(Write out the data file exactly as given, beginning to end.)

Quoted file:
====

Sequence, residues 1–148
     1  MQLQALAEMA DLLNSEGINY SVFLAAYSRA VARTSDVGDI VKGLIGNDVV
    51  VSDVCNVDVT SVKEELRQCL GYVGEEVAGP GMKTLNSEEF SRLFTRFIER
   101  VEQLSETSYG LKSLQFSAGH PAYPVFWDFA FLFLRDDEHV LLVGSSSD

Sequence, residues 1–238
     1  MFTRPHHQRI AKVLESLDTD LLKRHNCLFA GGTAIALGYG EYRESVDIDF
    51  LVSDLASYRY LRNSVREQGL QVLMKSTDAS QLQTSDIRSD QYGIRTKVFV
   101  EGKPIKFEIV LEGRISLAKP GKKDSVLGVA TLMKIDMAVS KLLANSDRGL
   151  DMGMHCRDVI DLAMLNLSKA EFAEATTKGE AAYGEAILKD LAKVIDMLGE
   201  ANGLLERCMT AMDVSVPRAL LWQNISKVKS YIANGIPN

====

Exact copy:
Sequence, residues 1–148
     1  MQLQALAEMA DLLNSEGINY SVFLAAYSRA VARTSDVGDI VKGLIGNDVV
    51  VSDVCNVDVT SVKEELRQCL GYVGEEVAGP GMKTLNSEEF SRLFTRFIER
   101  VEQLSETSYG LKSLQFSAGH PAYPVFWDFA FLFLRDDEHV LLVGSSSD

Sequence, residues 1–238
     1  MFTRPHHQRI AKVLESLDTD LLKRHNCLFA GGTAIALGYG EYRESVDIDF
    51  LVSDLASYRY LRNSVREQGL QVLMKSTDAS QLQTSDIRSD QYGIRTKVFV
   101  EGKPIKFEIV LEGRISLAKP GKKDSVLGVA TLMKIDMAVS KLLANSDRGL
   151  DMGMHCRDVI DLAMLNLSKA EFAEATTKGE AAYGEAILKD LAKVIDMLGE
   201  ANGLLERCMT AMDVSVPRAL LWQNISKVKS YIANGIPN